“The rate of technological and human physiological change in the 20th century has been remarkable,” Mr. Fogel said in an telephone interview from Chicago, where he is the director of the Center for Population Economics at the University of Chicago’s business school. “Beyond that, a synergy between the improved technology and physiology is more than the simple addition of the two.”
This “technophysio evolution,” powered by advances in food production and public health, has so outpaced traditional evolution, the authors argue, that people today stand apart not just from every other species, but from all previous generations of Homo sapiens as well.
“I don’t know that there is a bigger story in human history than the improvements in health, which include height, weight, disability and longevity,” said Samuel H. Preston, one of the world’s leading demographers and a sociologist at the University of Pennsylvania. Without the 20th century’s improvements in nutrition, sanitation and medicine, only half of the current American population would be alive today, he said. ...
On a side note, there is an interesting aspect to this evolution. Ask yourself "What height do you have to be to be tall?" For an American male living today, I'm just about average at 5'11." But 150 years I would be tall. Though being taller than than my great-great-grandfathers, do I experience myself as tall? No. Because while I'm taller than my ancestors, so is everyone else taller than their ancestors. I experience myself as average just as most of my ancestors did but my objective quality of tallness most certainly has improved (assuming taller is better, as implicated here.)
The same problem applies to poverty. The poor in America are substantially better off in absolute terms than even many of the well-to-do of three generations ago but they see no improvement in comparison to their contemporaries. And this is one of the oddities about economic development. Observers correctly note the economic growth does not increase the overall happiness of society (once a certain minimal threshold is passed). That is because people do not experience a change in their realtive positions. But these observers incorrectly conclude that economic development is not making life better for members of society. Witness the findings of Fogel, et al, about techno-physio evolution. Despite not making people happier, economic growth does considerably improve people's lives over time.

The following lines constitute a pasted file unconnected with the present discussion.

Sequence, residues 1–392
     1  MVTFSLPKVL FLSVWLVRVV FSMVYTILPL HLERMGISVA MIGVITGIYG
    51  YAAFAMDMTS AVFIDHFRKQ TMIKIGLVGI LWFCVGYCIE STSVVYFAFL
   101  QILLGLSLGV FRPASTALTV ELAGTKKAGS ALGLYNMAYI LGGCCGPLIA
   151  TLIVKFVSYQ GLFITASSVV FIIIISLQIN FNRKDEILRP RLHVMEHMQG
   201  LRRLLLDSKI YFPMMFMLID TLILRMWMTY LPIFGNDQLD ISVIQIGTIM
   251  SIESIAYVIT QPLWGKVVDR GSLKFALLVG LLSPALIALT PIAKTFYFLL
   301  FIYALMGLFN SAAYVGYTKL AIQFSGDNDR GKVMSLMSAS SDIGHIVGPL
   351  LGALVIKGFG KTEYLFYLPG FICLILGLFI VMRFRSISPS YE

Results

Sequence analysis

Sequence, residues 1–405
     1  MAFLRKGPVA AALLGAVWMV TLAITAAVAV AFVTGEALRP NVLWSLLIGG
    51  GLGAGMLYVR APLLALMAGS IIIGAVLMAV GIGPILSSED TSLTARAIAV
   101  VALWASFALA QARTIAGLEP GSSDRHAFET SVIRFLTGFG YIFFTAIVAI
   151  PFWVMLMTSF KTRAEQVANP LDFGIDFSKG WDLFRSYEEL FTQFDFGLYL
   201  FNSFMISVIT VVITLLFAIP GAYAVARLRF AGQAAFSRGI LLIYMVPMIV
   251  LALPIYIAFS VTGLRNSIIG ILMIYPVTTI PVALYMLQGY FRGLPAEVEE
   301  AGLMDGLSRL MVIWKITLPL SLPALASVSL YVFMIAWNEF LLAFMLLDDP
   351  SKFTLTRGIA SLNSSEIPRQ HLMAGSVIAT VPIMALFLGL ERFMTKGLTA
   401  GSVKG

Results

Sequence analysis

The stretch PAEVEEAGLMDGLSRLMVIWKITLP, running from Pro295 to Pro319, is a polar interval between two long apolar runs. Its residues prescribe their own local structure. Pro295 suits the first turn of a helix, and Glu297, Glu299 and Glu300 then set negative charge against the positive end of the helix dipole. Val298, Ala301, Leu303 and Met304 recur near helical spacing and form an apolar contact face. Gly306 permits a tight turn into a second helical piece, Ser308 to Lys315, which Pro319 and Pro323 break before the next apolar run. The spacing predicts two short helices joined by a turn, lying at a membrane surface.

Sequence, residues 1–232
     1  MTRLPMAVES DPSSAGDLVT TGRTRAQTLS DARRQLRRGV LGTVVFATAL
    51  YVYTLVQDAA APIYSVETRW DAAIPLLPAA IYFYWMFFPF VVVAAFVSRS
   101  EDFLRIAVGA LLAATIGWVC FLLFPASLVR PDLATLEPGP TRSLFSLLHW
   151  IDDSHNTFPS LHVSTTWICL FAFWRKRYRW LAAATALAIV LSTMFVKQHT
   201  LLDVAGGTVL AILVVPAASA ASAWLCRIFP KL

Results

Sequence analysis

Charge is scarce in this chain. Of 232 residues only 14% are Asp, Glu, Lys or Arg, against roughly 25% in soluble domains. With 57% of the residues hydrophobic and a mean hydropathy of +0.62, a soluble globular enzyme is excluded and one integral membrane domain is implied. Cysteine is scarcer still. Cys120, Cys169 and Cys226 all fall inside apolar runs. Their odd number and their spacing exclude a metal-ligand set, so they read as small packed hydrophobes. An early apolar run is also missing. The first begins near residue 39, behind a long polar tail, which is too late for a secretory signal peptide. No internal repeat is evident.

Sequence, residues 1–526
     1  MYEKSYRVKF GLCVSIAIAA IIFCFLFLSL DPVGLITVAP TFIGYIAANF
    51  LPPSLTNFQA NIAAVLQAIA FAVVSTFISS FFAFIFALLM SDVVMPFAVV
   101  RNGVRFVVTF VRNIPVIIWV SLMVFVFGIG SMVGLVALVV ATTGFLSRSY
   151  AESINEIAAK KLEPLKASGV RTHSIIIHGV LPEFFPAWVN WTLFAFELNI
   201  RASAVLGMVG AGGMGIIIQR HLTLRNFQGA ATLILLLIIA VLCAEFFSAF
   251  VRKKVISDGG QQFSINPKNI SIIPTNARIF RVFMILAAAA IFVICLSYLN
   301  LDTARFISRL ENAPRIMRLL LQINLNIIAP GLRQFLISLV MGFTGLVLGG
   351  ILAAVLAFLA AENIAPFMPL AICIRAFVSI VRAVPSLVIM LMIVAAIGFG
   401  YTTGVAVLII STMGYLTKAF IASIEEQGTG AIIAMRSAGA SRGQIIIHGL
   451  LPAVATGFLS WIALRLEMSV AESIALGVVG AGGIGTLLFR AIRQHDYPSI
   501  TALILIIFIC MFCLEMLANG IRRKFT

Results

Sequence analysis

From Greg Mankiw's textbook:
"Trade is, in some ways, a form of technology. When a country exports wheat and imports textiles, it is as if it had invented a form of technology for turning wheat into textiles. A country that eliminates trade restrictions will, therefore, experience the same kind of economic growth that would occur after a major technological advance."
"It is sometimes argued that although free trade technological progress has some victims, its benefits exceed its costs, so it is possible for its winners to compensate its losers out of their gains, everyone thereby coming out ahead in the end. ...
China has been one of the world’s most dynamic economies in recent decades, but how did it fall so far behind? This column argues that the industrial revolution occurred in Europe rather than China because European entrepreneurs were eager to adopt machines to cut down on high labour costs. China didn’t “miss” the industrial revolution – it didn’t need it.
One of the big debates in economics is about the causes of the arguably most dramatic change in development trajectory in (recent) world history, the industrial revolution.
There is consensus about the fact that this change in growth pattern started in northwestern Europe, and gradually spread to large parts of the western and, after a lag, eastern and southern world.
Why this happened, and where it happened are topics of heated debate among historians. The recent “Chinese miracle” – fabulous growth since about 2000 – has had an important impact on this debate.
... Mixed modernity
This detailed comparison results in a very mixed picture of Chinese economic modernity compared with that of Western Europe. Yes, the Yangzi delta had a relatively advanced economy, with high levels of agricultural productivity and urbanisation and a high degree of structural transformation; we can accept this part of Pomeranz’s thesis. But this did not imply that it was “ready” for an industrial revolution.
The industrial revolution was a process of mechanisation in which expensive labour was substituted for by machines driven by coal – as Bob Allen (2009) has demonstrated. Chinese factor costs were not at all conducive to such a change.